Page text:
The indefinite absence of reigning NFL Defensive Player of the Year and five-time Pro Bowl outside linebacker Terrell Suggs is already a worrisome topic with regards to the Ravens' pass rush. It could also force the secondary to add another responsibility to its plate.
If Paul Kruger, Albert McClellan and rookie Courtney Upshaw can't fill the void created by Suggs' ruptured right Achilles tendon, the defense might be forced to get creative with its blitzes. And that could entail asking the cornerbacks and safeties to get more involved.
Free safety Ed Reed declined to say Thursday whether the secondary will be blitzing more this season, saying, "We haven't played a game yet. We haven't gotten into the flow of a game. It's always different when you get into the flow of a game and when you're playing certain teams."
But Reed did concede that the career-best 14 sacks that Suggs compiled in 2011 will have to come from other sources.
"Guys are going to have to step up," Reed said. "Not just one player. Every guy. That's offense, defense and special teams. We've all got to pick up that slack because we know what Terrell brings to the table, watching film on Cincinnati's game and watching him play last year doing those dominating things that he does. So he's definitely going to be missed until he gets back."
ESPN NFL analyst Eric Allen said he wouldn't be shocked if defensive coordinator Dean Pees were to add more blitz packages involving the cornerbacks and safeties.
"I think without Terrell Suggs, you have to find a way to either play more man-to-man or you have to find a tweener who has the speed to come off the corner," said Allen, a former cornerback with the Philadelphia Eagles. "But you can find yourself in a difficult situation because that zone, nickel or dime blitzer is coming from a little further away than Terrell Suggs would come. So it's going to take him time to get there, and quarterbacks will be able to diagnose what is happening and be able to get off of that. So they're going to have to find a way to be able to provide pressure without utilizing all those blitzes. And that can come with just man-to-man pressure. That can come with some kind of zone dog [blitz] where they can drop a linebacker and bring someone else. That's really going to be the issue there because he always gave you double-digit sacks. And even when he didn't get there, he's someone that you had to know where he was on the field."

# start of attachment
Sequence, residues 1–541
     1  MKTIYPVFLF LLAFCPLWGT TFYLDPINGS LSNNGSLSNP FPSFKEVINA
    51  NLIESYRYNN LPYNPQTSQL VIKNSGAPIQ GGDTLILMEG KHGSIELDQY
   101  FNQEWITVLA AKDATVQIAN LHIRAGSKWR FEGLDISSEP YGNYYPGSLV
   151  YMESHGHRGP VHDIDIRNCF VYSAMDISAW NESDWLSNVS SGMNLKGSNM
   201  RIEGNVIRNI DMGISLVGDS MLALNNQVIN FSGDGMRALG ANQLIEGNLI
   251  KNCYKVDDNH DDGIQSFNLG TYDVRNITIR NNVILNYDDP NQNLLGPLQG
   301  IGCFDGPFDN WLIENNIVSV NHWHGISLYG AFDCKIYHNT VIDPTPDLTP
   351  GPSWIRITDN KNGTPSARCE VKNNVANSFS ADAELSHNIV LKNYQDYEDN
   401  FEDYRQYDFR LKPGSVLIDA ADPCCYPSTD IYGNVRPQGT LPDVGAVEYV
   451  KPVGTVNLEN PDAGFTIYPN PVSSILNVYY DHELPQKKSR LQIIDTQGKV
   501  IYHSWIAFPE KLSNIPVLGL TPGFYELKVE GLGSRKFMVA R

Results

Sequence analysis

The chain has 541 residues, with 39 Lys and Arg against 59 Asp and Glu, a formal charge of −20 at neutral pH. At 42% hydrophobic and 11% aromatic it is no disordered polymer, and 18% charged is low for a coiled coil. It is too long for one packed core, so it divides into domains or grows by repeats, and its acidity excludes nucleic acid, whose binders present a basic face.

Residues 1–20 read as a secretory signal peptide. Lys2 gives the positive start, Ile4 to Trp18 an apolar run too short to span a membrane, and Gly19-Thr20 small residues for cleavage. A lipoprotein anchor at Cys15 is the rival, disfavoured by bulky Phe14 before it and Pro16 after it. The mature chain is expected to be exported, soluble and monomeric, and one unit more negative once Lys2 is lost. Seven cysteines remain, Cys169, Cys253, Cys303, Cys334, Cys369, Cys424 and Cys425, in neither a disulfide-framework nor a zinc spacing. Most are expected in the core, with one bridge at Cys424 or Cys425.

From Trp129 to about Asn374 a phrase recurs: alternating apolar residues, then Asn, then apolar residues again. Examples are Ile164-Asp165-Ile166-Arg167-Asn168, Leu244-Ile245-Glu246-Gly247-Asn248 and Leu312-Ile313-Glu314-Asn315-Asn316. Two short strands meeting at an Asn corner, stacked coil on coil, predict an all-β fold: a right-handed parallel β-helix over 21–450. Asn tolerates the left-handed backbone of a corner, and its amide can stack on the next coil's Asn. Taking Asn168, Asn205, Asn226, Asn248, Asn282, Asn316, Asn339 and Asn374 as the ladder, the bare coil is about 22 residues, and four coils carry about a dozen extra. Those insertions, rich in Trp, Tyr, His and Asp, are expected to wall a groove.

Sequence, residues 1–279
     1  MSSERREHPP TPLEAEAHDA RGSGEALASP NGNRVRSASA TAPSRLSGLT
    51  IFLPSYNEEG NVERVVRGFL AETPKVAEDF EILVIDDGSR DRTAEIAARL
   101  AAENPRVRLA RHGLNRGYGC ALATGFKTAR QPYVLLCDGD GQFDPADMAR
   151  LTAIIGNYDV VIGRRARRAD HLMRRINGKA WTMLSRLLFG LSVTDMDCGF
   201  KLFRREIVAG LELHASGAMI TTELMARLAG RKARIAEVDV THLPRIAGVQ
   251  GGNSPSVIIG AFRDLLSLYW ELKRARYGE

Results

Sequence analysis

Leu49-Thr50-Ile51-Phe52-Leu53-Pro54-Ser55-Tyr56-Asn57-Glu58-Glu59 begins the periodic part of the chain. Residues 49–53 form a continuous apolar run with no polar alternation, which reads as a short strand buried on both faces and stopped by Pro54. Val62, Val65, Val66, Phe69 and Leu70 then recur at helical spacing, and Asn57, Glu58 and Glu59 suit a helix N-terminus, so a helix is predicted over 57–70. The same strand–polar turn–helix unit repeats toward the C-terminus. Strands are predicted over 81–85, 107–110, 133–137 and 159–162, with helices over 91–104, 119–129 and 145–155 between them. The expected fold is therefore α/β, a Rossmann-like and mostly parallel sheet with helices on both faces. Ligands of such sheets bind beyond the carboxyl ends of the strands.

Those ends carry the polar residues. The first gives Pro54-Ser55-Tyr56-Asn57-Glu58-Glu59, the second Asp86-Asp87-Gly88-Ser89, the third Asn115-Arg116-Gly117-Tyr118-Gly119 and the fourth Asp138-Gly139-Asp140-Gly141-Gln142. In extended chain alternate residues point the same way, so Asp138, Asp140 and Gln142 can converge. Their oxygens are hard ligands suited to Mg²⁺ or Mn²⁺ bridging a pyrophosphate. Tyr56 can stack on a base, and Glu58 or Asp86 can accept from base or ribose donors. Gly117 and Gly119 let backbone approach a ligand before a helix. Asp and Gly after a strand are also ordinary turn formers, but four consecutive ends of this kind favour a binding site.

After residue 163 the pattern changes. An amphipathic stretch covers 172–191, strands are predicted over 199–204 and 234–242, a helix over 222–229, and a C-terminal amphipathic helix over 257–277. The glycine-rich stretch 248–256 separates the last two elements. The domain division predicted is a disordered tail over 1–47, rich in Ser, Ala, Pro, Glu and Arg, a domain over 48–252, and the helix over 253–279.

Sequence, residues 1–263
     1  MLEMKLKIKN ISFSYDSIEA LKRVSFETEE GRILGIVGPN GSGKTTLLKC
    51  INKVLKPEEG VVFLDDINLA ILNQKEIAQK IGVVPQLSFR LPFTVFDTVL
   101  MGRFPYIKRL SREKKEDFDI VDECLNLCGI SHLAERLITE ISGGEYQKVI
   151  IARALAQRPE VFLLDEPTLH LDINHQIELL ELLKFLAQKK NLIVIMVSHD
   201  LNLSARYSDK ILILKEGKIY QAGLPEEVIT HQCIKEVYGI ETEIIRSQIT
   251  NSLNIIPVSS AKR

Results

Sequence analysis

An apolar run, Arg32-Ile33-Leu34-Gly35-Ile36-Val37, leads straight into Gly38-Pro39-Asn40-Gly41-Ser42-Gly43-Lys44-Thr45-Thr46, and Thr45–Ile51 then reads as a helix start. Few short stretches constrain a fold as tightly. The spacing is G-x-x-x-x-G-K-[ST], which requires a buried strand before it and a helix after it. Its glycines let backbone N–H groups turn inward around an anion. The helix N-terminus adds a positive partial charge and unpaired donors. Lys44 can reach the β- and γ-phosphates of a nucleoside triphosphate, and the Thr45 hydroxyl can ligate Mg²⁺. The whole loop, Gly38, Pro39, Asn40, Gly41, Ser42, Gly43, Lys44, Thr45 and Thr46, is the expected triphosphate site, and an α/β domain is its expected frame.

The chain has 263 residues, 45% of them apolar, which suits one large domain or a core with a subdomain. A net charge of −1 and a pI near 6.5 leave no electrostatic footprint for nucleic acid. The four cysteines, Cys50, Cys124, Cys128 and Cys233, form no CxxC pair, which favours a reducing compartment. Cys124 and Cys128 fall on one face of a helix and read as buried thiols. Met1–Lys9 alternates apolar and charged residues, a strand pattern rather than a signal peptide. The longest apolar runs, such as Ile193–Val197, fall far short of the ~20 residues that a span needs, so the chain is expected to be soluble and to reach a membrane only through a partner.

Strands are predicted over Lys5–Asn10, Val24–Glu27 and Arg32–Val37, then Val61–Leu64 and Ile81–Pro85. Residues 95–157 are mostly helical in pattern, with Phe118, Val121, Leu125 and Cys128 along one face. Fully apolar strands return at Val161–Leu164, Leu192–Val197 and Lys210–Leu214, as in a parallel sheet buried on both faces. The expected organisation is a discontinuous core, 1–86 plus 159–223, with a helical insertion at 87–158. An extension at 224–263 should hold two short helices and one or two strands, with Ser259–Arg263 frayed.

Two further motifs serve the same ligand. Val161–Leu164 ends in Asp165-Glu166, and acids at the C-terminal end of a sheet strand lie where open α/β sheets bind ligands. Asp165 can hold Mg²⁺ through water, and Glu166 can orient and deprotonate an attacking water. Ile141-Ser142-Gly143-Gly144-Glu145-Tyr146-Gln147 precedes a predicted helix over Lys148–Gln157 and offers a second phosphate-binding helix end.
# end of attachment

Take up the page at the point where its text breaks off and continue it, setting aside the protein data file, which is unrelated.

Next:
Allen also said that he's not worried about the play of the secondary in the preseason. Atlanta Falcons wide receiver Julio Jones caught six passes for 109 yards and one touchdown in a quarter on Aug. 9, and Detroit Lions wide receiver Calvin Johnson finished with five receptions for 111 yards and one touchdown in about a quarter-and-a-half on Aug. 17. Even Jacksonville Jaguars rookie Justin Blackmon had four catches for 72 yards on Aug. 23.
Cornerback Lardarius Webb argued that the defense's schemes were basic, and Allen agreed.
"You're very vanilla," he said. "They do so much with their defense. … I wouldn't hesitate or worry about preseason stats."